A year ago at this time, “The Post” was one of the most marketed and publicized movies in the United States. The film retold the story of The Washington Post’s coverage of the Pentagon Papers after they were first shared with The New York Times, resulting in a landmark Supreme Court case involving both newspapers in 1971. The Supreme Court ruled in New York Times Co. v. United States that the government did not meet the standard needed to establish prior restraint and justify withholding of continued publication. The 6-3 ruling went in favor of The Post and The Times.

“The Post” focused on the journalists at the heart of the Pentagon Papers stories and the impact of their disclosure in the worlds of politics and journalism, but the man who leaked the papers to Neil Sheehan of the NYT and Ben Bagdikian of WaPo also owned a considerable place in the story. That dimension of “The Post” did not gain the traction I had hoped it would.

That man — that part of the story — is worth discussing, roughly one year after “The Post” opened at theaters.

Daniel Ellsberg became a peace activist in the fullness of time, a countercultural figure and an anti-establishment voice. He became, in the course of his life, the embodiment of what a progressive anti-war activist either aspires to be or expects to see from others in positions of influence.

I cannot look at Ellsberg’s life without marveling at how a young man in the 1960s was able to uproot his existence and risk long-term imprisonment to disclose what he felt, in his conscience, were truths that had to be shared with the American people.

Ellsberg was an insider, working for the RAND Corporation — a prominent think tank created in 1948 to align military planning with various research and development strategies. RAND was developed in and from the military-industrial complex, exploring a combination of policy, strategy and technology to maintain a strong connection between the military and private industry.

Ellsberg had done field work in Vietnam for the U.S. Department of State. The documents which would become known as the Pentagon Papers were part of a Vietnam Study Task Force commissioned by Secretary of Defense Robert McNamara in 1967. Ellsberg — a former United States Marine who began working at RAND Corporation in 1958 — was part of the system. He was embedded deep inside it.

McNamara, Dean Rusk, and scores of other important people in the Departments of State and Defense went down with the Vietnam War, digging in their heels to continue to push for the war long past the point when a decisive and productive military victory ceased to be a realistic and attainable goal. David Halberstam wrote about these stubborn men in his seminal book, “The Best And The Brightest.”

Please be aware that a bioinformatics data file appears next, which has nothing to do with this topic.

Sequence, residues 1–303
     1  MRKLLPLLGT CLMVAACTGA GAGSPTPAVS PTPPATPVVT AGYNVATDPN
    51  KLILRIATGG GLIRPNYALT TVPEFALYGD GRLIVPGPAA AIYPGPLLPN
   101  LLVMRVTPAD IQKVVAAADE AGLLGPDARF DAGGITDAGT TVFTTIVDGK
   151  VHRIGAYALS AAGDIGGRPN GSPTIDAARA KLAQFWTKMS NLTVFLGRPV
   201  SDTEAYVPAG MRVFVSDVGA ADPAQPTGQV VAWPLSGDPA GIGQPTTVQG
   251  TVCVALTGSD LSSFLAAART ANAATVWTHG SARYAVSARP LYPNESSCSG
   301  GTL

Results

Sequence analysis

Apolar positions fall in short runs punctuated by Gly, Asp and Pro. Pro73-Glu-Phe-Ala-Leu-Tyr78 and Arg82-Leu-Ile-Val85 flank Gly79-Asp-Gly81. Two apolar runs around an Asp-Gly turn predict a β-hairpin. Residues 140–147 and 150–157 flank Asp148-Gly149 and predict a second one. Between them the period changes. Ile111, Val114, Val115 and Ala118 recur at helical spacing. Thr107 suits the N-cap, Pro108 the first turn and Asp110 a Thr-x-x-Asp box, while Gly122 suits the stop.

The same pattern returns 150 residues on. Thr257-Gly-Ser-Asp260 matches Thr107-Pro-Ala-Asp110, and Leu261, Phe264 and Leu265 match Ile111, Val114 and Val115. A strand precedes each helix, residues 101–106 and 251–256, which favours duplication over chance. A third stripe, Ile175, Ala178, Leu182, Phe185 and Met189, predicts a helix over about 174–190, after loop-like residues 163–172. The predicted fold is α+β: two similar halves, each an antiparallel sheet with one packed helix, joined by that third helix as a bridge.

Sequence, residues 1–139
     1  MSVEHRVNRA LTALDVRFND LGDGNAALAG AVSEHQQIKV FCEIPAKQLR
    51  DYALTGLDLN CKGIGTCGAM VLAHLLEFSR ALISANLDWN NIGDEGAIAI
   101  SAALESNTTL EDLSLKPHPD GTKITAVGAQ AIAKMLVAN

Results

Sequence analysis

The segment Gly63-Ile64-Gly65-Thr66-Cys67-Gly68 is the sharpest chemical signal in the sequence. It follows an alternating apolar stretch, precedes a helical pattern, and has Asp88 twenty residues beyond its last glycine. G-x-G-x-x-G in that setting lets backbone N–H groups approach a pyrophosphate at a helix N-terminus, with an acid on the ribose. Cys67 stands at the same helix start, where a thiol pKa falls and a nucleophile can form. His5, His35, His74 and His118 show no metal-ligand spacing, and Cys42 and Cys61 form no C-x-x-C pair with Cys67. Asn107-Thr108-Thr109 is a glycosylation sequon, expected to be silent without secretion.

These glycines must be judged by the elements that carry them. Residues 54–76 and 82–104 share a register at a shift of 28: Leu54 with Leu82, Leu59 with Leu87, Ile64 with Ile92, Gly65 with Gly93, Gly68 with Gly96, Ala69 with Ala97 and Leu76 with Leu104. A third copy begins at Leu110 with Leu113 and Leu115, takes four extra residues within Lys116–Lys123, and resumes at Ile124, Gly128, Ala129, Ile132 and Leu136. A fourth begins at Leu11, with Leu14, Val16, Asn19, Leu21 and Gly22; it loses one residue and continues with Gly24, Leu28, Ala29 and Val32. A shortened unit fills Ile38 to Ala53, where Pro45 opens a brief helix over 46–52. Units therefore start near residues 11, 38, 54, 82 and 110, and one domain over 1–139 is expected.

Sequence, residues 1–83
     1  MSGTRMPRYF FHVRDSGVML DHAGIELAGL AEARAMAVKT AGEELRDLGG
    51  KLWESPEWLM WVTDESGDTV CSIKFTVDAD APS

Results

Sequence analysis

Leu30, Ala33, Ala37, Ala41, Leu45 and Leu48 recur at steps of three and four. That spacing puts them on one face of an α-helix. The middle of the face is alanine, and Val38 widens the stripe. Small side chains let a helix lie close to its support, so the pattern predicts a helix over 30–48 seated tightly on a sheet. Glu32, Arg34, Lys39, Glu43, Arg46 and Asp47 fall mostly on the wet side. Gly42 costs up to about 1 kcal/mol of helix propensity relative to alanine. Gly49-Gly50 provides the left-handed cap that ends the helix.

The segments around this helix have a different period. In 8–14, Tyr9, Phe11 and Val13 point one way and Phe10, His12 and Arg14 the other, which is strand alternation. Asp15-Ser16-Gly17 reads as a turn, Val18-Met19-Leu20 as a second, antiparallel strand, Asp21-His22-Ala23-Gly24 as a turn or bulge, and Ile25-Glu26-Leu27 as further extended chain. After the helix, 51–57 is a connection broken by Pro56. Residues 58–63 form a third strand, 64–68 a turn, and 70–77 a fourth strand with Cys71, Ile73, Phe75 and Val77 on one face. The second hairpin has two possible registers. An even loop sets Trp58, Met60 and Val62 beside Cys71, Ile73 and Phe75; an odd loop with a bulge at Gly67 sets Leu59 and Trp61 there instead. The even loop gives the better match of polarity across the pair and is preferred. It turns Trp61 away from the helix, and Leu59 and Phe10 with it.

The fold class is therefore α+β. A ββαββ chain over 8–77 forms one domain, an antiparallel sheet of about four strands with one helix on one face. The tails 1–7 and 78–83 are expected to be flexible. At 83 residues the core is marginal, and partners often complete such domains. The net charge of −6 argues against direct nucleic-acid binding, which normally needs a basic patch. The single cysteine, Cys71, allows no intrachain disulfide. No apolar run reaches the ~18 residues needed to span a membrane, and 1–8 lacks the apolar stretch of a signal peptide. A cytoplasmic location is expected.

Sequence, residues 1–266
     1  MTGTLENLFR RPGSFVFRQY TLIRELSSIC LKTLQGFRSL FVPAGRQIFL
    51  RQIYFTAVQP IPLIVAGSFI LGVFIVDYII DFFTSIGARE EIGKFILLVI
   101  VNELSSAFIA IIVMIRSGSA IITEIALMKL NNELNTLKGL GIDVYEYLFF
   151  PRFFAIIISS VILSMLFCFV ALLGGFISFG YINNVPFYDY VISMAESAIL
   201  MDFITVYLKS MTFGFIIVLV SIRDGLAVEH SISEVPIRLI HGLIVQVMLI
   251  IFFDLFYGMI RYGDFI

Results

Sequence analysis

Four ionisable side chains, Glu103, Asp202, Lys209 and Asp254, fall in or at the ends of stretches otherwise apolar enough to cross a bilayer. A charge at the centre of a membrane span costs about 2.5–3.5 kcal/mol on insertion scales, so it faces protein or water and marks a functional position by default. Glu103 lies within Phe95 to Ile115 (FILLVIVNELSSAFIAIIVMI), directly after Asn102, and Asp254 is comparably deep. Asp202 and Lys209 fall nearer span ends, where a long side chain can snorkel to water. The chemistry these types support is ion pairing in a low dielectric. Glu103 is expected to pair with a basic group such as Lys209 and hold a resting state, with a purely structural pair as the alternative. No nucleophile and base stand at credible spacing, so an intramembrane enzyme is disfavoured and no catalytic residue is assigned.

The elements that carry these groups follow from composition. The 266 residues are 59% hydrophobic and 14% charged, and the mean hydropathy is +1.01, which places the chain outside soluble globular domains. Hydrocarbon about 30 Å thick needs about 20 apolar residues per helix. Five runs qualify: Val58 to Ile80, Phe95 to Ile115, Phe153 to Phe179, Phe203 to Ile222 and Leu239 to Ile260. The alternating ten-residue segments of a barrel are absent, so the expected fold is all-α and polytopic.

It is natural to “go down with the ship,” to insist that the projects or goals which consumed the prime years of a public career were worth fighting for. It is natural — as we see in works of great literature, film or television — for human beings to conclude that they have spent so much of their lives in service of certain ideas that they feel they can’t turn around and reverse course. It’s too late.

Specific ideas — in this case, American exceptionalism — can be so powerful and convincing, both intellectually and culturally, that longtime public servants can’t see a way out of them. They can’t imagine abandoning the notion that America is an exceptional nation, and everything that means.

Daniel Ellsberg found a way out. He was able to see that the Vietnam War — which he had worked to advance in its earlier stages — had become terribly wrong and dishonestly waged.

This doesn’t make McNamara more vile. It makes Ellsberg more remarkable.

This leads me to a basic point about George Herbert Walker Bush, the 41st President of the United States, who died on Nov. 30 at the age of 94, and whose public career was revisited over the past week before being laid to rest in Houston on Dec. 6.

Bush 41 presided over a lot of wrongdoing, briefly summarized by The Intercept’s Jeremy Scahill here:

The substance of Bush’s actions as a public figure is considerable, in some good ways (the tax increases he approved as president) but also in the bad ways outlined by Scahill. In thinking about how to assess Bush’s life, my fundamental response is that his life was complicated.

The good side of the man should not be ignored: the way he was there for James Baker — “Bake,” his best friend — when Baker’s wife died and left a young man to care for his kids. That’s the kind of friend we would all want to be.

Bush’s letter to Bill Clinton upon leaving the White House and making way for the young Arkansan is a study in grace and the peaceful transfer of power. We should all want departing presidents to wish their successors well, in the way Bush 41 modeled.

George H.W. Bush was a skilled diplomat who cultivated personal relationships, deflected attention from himself, and exhibited a lot of personal qualities we ought to want for ourselves.